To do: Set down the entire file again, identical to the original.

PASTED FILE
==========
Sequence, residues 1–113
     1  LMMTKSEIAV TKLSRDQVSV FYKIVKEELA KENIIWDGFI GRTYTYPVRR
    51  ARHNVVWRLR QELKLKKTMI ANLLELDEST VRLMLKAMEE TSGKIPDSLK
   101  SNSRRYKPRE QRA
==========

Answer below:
Sequence, residues 1–113
     1  LMMTKSEIAV TKLSRDQVSV FYKIVKEELA KENIIWDGFI GRTYTYPVRR
    51  ARHNVVWRLR QELKLKKTMI ANLLELDEST VRLMLKAMEE TSGKIPDSLK
   101  SNSRRYKPRE QRA